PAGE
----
How to Tailor Your Resume to a Job
Make These Tweaks So Your Resume Is a Good Fit for the Job
Writing a resume involves tons of decisions, from choosing a font, to deciding if your resume should be chronological or functional, to describing jobs from years ago. Once your resume is proofread and finalized, it's tempting to hit save, print several copies, and resolve to never, ever alter a word on the document again.
Resist this, and hit cancel on your print job: Your resume is never truly complete. It's a living document. Not only will your resume change with each position you hold, but it should also evolve in response to the jobs you apply for. A targeted resume leads to a more successful job application.
How to Tailor Your Resume for Jobs
Here's the good news: You don't need to update your entire resume with each position you apply for. A full overhaul would take too much time — and would increase the likelihood of introducing a typo or small error. Instead, a few nips and tucks will do. Here are tips and recommendations for how to update your resume for a particular job.
Review the Job Description
It all starts with the job description: In order for your resume to be a good match for the job, it's important to know the employer's wants and requirements for the position. Jot down a list of major keywords as you read through. Or, highlight key phrases on a printed out copy of the resume.
Next, Read Your Resume
Now that you have a sense of what skills and abilities the position calls for, read your resume. Do you have this experience listed?
In a general resume, you may try to draw attention to all sorts of positive aspects of your experience, from your leadership abilities to your project management to your skills with metrics or your ability to please clients. But with a job description available, you can sharpen your resume's focus. Rather than a scattershot approach, you can narrow in on what the employee wants.
It's not only a matter of if you have the key qualifications listed, but where. Hiring managers and interviews have a tendency to scan quickly, and not read thoroughly, so make sure important details are listed on the top half of the page, and not the bottom (or second page).
Here's information on how to match your qualifications to a job description.
Update These Key Sections
It's not worth the time to update your entire resume or restructure it completely with each job you apply for. Instead, target key areas for updates:
- Summary: If you have this section on your resume, update it so that it's clear how you're a good match for this position. Showcase your most relevant accomplishments and abilities here. For instance, if the posting calls for an "independent worker and self-starter," you may describe yourself as being "Always willing to take the initiative on large and small projects."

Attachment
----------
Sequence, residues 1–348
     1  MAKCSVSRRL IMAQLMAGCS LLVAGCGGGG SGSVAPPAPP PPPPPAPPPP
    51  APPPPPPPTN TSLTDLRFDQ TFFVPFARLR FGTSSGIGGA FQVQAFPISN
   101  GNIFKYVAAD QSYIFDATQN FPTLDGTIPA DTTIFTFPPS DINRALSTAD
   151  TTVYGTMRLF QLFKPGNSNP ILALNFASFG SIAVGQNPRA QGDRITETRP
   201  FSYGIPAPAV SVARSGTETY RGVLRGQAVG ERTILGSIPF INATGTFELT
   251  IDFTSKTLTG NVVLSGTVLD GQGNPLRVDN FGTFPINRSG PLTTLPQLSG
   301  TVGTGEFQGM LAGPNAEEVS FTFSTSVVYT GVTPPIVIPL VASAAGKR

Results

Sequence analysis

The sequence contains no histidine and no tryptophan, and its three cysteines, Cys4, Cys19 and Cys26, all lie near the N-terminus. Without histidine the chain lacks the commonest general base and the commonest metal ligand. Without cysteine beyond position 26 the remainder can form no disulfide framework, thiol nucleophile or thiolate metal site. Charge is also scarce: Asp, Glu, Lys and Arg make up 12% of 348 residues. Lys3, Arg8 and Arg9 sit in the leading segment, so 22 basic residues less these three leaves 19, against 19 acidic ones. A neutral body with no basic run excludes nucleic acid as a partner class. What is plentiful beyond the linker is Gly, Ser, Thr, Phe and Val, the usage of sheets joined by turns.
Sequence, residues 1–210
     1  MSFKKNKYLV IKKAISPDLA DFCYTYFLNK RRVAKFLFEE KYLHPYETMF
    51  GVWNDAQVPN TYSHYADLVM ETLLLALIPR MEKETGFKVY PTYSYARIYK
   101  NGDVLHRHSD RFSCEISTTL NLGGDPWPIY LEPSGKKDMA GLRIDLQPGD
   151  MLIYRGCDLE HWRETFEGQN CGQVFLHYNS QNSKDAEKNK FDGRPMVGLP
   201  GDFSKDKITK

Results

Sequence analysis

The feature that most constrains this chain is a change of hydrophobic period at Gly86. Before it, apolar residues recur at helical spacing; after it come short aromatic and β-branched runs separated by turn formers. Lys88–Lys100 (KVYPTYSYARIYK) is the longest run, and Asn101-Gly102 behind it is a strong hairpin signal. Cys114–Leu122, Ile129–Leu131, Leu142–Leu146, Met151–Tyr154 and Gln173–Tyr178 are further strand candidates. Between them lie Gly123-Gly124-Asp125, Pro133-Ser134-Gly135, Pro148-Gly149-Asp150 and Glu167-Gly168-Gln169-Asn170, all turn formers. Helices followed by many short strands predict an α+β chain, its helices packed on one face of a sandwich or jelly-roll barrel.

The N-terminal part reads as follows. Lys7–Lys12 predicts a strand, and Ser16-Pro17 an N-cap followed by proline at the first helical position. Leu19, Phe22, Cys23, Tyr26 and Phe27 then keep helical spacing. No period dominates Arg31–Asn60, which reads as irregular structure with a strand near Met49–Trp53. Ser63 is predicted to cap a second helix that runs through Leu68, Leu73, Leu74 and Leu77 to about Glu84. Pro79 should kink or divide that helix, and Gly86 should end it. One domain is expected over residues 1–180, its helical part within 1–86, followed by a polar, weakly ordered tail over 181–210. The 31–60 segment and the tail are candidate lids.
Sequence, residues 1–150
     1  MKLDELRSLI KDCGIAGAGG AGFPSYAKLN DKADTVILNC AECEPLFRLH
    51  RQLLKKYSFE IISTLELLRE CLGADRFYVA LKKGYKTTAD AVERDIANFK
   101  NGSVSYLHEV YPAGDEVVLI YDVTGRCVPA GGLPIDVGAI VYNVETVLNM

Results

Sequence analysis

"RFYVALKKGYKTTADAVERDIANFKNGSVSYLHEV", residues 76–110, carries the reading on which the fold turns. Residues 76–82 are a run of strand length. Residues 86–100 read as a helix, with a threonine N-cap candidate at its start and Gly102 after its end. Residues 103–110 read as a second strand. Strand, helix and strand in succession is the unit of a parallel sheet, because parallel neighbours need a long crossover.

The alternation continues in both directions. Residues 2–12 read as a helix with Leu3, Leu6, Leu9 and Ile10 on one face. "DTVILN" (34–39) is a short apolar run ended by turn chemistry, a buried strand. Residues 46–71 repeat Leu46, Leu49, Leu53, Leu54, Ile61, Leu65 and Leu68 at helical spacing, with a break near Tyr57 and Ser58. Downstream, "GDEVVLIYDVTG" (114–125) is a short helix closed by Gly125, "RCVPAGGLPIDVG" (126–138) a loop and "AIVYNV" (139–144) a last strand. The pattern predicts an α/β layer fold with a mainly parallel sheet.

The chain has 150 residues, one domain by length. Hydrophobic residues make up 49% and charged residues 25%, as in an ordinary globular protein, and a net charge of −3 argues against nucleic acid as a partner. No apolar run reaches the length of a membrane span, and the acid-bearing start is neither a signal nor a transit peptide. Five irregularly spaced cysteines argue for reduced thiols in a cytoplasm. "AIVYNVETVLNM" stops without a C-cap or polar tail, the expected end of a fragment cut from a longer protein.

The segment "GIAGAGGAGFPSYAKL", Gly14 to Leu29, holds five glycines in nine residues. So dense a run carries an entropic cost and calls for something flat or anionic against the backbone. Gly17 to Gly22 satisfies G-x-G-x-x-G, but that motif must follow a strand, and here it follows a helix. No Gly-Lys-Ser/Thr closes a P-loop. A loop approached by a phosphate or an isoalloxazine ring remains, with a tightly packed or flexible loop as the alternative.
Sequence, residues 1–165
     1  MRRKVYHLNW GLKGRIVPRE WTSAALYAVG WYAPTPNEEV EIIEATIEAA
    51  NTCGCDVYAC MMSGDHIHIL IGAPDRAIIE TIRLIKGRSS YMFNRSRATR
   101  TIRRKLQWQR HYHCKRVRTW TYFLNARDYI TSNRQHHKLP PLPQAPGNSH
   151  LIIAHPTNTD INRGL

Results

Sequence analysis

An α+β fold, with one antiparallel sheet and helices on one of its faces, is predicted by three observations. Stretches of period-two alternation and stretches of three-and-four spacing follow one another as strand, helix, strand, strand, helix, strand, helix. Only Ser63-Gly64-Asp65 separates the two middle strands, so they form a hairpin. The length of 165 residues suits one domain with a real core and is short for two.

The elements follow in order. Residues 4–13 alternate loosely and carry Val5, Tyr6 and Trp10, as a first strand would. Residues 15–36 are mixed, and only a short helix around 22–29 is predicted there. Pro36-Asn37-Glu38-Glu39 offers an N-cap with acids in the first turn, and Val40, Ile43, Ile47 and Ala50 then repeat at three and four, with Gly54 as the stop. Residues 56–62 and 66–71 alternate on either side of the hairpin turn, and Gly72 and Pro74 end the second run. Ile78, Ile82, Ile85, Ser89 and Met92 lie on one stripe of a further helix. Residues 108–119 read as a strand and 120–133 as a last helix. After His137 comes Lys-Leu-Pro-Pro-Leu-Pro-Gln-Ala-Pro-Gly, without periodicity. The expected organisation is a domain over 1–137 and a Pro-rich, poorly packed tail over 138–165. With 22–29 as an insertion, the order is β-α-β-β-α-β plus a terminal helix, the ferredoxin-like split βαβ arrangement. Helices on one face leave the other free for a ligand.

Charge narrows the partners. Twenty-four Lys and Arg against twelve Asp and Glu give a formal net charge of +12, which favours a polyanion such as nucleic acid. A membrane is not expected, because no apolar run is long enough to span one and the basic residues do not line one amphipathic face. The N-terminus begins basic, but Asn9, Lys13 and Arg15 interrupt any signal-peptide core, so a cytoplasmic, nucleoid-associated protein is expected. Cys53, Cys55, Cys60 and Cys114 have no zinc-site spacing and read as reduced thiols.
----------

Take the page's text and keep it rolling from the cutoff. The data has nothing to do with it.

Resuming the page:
- Experience: For some positions, and depending on your background, it may make sense to break out your experience into sections. Let's say the job calls for a strong salesperson, and you've worked in sales, but not in many years. You could break your experience into two sections: Sales Experience and Other Work Experience. This won't necessarily require much work other than adding the extra heading, but it'll serve to highlight your relevant background.
- Job descriptions: In some cases, the organization of your experience is just right as-is, but it's important for you to emphasize different facets of your responsibilities. List the most relevant details toward the top of each job description, so that readers are sure to catch them. Make sure your job descriptions are written so that they sound impressive.
Verify Important Keywords Are Listed
Remember, as well as demonstrating to interviewers and hiring manager that you're a good match, you may also have to satisfy machines. If you suspect that your resume will be going through a program that will do keyword scanning, make sure it contains relevant keywords, which you will determine from the job description.
Proof and Save Your Updated Resume
Ideally, you haven't introduced a single error with these tweaks. Still, before sending off your document, do a final proofread for grammatical mistakes or typos. (Here is a checklist for proofreading your resume.)
Save your document. This can be more complicated than it seems: After all, if you tweak your resume every time you apply to a job, you'll wind up with many versions, and can have trouble keeping the files organized.
Here's my recommendation: Create a sub-folder on your computer for each version of your resume. Depending on your situation, you might name these folders by company (e.g. Vimeo, YouTube, Netflix) or by skill (e.g. Sales, Marketing, Communications). That way, you'll just have to browse through folders to find the right resume to print or attach.
Avoid using the document's file name for your own personal organization, since people other than you — such as hiring managers — will also see the file name. See more recommendations for choosing a resume file name.